Peter Hasson, writing in The Federalist puts the matter succinctly:
As noted above, Roof’s parents divorced even before he was born. Not only were Adam Lanza’s parents divorced, but he hadn’t seen his father in the two years before the Sandy Hook shooting. Jeff Weise, the 16-year-old school shooter who killed ten people, came from a depressingly broken home: his parents separated before birth and both his parents were dead before he was even a teenager. The list goes on. From Charleston Churches to the Boston Marathon, the victims change but the narrative remains the same: unstable homes produce unstable individuals. All that remains to be seen is whether we decide to keep destabilizing American homes, or wake up and give our kids the upbringing they deserve.
Correct. “Unstable homes produce unstable individuals.” Much social science demonstrates that boys tend to suffer the loss of a father more than do girls. The exact reasons for that aren’t completely clear, but the type of impulse control fathers tend to provide is vitally important to boys. The same of course is true for the type of modelling of responsible masculine behavior that fathers provide for their sons.
Fathers and mothers tend to parent differently and dads’ emphasis on “rough and tumble play” inculcates in their children the importance of boundaries and empathy for others.
But what does any of this have to do with mass shootings? Let’s revisit some those characteristics of mass shooters. Violence? There’s a direct correlation between fatherless children and teen violence. Suicide? Fatherless children are more than twice as likely to commit suicide. Dropping out of school? Seventy-one percent of high school dropouts came from a fatherless background. Drug use? According to the U.S. Department of Health and Human Services, “Fatherless children are at a dramatically greater risk of drug and alcohol abuse.” How about guns? Two of the strongest correlations with gun homicides are growing up in a fatherless household and dropping out of school, which itself is directly related to lack of an active or present father.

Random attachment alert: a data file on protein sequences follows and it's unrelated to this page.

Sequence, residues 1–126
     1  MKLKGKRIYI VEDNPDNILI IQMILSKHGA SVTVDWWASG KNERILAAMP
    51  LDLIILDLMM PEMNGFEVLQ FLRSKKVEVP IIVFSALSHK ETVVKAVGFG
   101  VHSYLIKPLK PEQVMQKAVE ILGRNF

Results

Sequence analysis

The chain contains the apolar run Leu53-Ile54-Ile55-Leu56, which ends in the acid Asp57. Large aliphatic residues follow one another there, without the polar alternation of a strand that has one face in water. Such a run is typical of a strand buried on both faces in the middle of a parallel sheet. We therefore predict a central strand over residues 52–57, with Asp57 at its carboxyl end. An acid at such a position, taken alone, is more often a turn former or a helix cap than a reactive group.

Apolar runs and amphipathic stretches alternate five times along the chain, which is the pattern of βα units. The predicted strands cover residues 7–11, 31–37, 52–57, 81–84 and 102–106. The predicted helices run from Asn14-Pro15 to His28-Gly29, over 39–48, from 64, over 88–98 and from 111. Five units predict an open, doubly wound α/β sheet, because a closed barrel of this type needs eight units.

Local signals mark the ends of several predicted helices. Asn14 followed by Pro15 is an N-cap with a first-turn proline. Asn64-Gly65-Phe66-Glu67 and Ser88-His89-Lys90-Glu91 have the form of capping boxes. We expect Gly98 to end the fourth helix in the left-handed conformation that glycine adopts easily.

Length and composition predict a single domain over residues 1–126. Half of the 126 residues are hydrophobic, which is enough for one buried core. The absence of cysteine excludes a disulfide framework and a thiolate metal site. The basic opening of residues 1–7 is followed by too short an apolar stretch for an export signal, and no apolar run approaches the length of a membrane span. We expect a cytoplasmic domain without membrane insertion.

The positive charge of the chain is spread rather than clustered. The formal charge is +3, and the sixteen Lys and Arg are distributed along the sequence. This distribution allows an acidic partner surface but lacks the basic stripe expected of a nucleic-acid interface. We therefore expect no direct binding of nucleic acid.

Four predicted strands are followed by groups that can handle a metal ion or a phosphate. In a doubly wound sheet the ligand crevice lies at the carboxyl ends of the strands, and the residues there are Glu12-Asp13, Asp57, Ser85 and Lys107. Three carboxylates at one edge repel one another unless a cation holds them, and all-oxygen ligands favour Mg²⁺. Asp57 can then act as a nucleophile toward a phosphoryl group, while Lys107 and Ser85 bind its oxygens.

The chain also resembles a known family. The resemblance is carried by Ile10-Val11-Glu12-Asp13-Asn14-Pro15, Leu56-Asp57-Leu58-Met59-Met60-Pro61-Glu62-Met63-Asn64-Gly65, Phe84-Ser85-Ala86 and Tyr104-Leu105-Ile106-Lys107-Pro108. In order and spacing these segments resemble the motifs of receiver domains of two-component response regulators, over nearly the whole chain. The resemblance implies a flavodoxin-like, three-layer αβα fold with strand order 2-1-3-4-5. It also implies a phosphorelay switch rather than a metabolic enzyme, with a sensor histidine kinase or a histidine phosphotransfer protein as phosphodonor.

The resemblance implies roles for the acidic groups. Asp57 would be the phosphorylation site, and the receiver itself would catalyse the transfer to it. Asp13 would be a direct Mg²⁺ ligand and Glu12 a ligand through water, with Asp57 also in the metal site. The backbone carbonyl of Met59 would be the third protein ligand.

Now, Hasson’s emphasis is on no-fault divorce about which I’ve written a couple of times lately. What he neglects is the impact of divorce laws on children’s relationships with their dads. Something like 36 million kids under the age of 18 have experienced their parents’ divorce. Some 40% of all American children don’t live with their fathers.
So what do family courts do? They make every effort to make sure that, when their parents split up, the children lose contact with their dads. It is beyond disgraceful that, at this late date, we’re still consigning children to sole or primary custody by one parent, almost always their mother. We know far too much about the value of fathers to children for that to continue, but year after year, the numbers remain all but unchanged. Over 82% of custodial parents are mothers.
And that, as we know through the research of Margaret Brinig and Douglas Allen, is partly responsible for our high divorce rate. Brinig and Allen found that the reason that 70% of divorce filers are women is that they know they won’t lose their kids. They also know they’ll receive an award of child support that’s disproportionately high, plus alimony. So why would they stay in a relationship that’s the least bit below their expectations?
Then of course there’s the failure of courts to enforce fathers’ visitation rights. Plus there’s vast ignorance about parental alienation and laws that fail to curtail move-aways by custodial parents.
All that effectively removes fathers from children’s lives. And mass slayings by disaffected young men are one of the results.
We’ve inherited the wind.